Repairing and cleaning a Miranda TTL viewfinder – part 1.
I recently bought a Miranda FV 35mm SLR camera which has a TTL metered viewfinder fitted. I got the camera quite cheaply, because the viewfinder is marked and dull but I thought I would look at what, if anything, I could do to get the viewfinder repaired and working again.
At first I thought the major problem with the marking in the viewfinder was caused by a leaking battery because the biggest pitted area is just below the battery compartment built into the side of the unit. Actually I thought that the battery may still stuck inside the viewfinder because I found it almost impossible to remove the battery cover. However, I tried gripping the side of the cover with my finger nails and suddenly discovered that it would turn and I could removed it.
Once the cover was off I found that there is no battery in place, but the battery contacts are certainly corroded and green. I also discovered on closer inspection, that there are a couple of tiny screws missing from the side of the prism housing, so I would guess that someone had already tried to get the unit apart and fix it. After a bit of experimentation with the unit on the camera, I found that if I look through the viewfinder and unlock it so I can move it slightly back, some of the markings in the viewfinder stay in the same place. This suggests that not all the dirt and muck is in the viewfinder component, so I suspect I also need to remove the focusing screen within the camera body and clean it up.
Anyway, back to the TTL viewfinder. To take the unit apart I proceeded to remove the two screws in the black runners which slot into the camera body, and unscrew the round eyepiece and then I found that I could pull the viewing screen out of the viewfinder housing.
The prism is held in place by two brass pieces which are screwed into the metal housing, one of which also contains a couple of adjustment pots for the light-meter circuit. With these pieces unscrewed I could get the prism itself out and have a look at it. There is a fair amount of black paint falling off the inner surfaces of the prism, but I think the real problem is with the areas of silvering which are missing.
I have put a couple of bids on some other viewfinders on eBay so I can get the camera working again. One is a normal viewfinder in working order, the other is a faulty unit with damage to the housing. I’d hoped that I could take the prism out of that damaged unit to fix this TTL one, but now I had the unit apart I could see as I looked at this prism that it is a special type, with small windows next to the viewfinder for the light sensors to sit in. I seem to remember seeing paint which can re-silver mirrors so may investigate if I can fix the prism instead.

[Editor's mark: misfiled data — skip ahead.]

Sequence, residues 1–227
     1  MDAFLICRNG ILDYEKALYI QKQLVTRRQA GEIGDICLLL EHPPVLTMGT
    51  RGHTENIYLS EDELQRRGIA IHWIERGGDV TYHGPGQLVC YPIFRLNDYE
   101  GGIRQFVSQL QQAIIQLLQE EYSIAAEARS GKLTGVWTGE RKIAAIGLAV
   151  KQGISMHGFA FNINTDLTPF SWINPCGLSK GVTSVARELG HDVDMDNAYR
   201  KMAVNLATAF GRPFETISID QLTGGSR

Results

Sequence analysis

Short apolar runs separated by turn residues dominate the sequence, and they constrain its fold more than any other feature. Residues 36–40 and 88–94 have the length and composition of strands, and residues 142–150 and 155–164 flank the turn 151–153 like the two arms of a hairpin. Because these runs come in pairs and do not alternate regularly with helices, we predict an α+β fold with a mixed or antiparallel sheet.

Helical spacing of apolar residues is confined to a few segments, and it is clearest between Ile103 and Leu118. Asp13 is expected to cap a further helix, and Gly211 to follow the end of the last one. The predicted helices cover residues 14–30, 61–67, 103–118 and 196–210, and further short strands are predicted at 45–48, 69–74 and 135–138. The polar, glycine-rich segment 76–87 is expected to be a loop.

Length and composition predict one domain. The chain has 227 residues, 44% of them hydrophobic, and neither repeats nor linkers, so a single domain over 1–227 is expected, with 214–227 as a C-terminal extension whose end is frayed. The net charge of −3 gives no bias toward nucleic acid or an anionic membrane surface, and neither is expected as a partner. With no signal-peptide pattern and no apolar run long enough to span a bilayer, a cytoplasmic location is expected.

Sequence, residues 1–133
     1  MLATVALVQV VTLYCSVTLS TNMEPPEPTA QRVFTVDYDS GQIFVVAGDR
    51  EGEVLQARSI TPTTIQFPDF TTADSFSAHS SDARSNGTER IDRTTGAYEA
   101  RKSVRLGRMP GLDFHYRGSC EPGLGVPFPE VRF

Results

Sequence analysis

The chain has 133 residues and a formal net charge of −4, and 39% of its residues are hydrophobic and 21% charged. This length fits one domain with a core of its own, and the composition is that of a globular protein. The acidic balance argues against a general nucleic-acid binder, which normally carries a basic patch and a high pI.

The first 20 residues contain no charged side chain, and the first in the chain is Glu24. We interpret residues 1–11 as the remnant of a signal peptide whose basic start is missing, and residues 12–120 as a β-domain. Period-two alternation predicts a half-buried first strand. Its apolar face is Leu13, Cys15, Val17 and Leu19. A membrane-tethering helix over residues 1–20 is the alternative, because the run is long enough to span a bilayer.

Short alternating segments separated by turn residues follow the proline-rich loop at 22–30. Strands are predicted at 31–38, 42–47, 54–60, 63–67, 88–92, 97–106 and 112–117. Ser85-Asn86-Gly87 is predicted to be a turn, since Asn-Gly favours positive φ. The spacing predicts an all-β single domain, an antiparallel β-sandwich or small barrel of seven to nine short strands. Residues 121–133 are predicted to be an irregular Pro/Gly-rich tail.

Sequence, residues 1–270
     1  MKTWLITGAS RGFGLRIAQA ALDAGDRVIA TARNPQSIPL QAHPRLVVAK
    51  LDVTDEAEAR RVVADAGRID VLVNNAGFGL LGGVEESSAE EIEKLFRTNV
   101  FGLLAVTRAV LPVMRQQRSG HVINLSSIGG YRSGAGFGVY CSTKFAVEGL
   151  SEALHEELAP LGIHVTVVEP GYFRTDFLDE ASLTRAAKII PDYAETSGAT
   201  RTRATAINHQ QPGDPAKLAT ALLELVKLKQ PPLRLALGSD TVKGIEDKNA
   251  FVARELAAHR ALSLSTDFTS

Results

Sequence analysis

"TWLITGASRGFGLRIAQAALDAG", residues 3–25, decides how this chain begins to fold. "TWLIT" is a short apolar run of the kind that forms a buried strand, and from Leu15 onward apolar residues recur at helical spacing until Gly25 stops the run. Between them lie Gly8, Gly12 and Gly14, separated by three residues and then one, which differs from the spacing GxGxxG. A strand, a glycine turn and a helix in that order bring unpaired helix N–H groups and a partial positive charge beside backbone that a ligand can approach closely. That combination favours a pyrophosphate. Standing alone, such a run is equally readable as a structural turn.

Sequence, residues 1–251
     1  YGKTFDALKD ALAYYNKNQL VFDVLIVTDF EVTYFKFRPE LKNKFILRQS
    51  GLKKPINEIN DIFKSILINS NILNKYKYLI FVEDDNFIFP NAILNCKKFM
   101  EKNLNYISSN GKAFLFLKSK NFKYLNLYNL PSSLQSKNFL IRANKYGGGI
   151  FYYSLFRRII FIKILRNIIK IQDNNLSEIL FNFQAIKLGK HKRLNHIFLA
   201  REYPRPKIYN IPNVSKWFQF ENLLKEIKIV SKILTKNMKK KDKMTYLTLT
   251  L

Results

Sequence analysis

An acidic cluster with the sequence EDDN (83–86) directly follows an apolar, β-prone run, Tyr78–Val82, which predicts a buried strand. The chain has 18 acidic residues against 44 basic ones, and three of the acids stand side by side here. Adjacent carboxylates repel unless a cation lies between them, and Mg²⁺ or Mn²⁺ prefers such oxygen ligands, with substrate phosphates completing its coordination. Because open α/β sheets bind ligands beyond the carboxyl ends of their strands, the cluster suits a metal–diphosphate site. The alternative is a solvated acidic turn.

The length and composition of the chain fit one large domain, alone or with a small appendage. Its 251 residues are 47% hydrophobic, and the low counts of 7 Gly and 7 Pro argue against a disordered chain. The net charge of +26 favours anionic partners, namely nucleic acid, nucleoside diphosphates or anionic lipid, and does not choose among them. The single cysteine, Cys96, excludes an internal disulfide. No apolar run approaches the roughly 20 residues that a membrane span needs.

Anyway – I proceeded to remove all the other screws I could find and get as many of the component parts out as I could for cleaning. I removed the bottom assembly, the viewfinder eye piece lens, the round eyepiece and the metal eye piece support from the plastic housing with the light sensors in. Finally, after a lot of difficulty I got the dial undone at the top of the unit and could remove the actual meter assembly so that the unit casing was free. This along with the other free, non electrical parts went into an ultrasonic cleaning bath for 3 minutes to get all the muck and dirt off. This clean was actually fairly successful at taking off quite a bit of the green deposit from the battery contacts, but also removed a bit of the paint which makes the word ‘Miranda’ on the front! I’ll need to re-paint that too!
Replacing the battery
With all the parts exposed I could make an attempt at constructing a circuit diagram of the light-meter which is shown to the left here (circuit drawing made with schemeit). The idea of drawing out the circuit was that I could change the value of the fixed resister R1 so that the circuit would work with a modern LR44 battery (1.5v) instead of the original mercury cell (1.35v) which is no longer available (or legal).
The value of R1 seems to be about 9.2k when I measure it although it is marked as 9k. R2 measures about 4k and R3 about 24k. Unfortunately the connection to the light sensitive resistors is broken, but if I measure it they seem to be about 50k at ambient light. Since R3 is set about half way I would guess that the parallel resistance of the two light sensors and R3 is about 25k (two 50k resisters in parallel).
R2 is also about half way so I’m going to work on the basis of R2 being a 10k pot, which makes the total resistance in the circuit 25 + 10 + 9.2 = 44.2k. With an original power source of 1.35v the current flowing would be 1.35 / 44.2 = 0.03 mA or 30uA.
To achieve the same current with 1.5v source I would need a total resistance of 1.5 / 0.03 which is 49k. So if I change R1 for a 14k resistor I should be able to use an LR44 battery in the unit. Since 14k is not a resistor preferred value I will need to actually use a 15k.
So, at the moment that is as far as my repair has got. I’ve removed a lot of the dirt from the casing and can re-wire the unit to work with a modern battery, but the real problem is the prism which I will either need to repair or replace. I will probably try to find another unit on ebay, ideally a battered one, which I can cannibalise to fix this. That will be the subject of my next post when I hope to have a working unit again.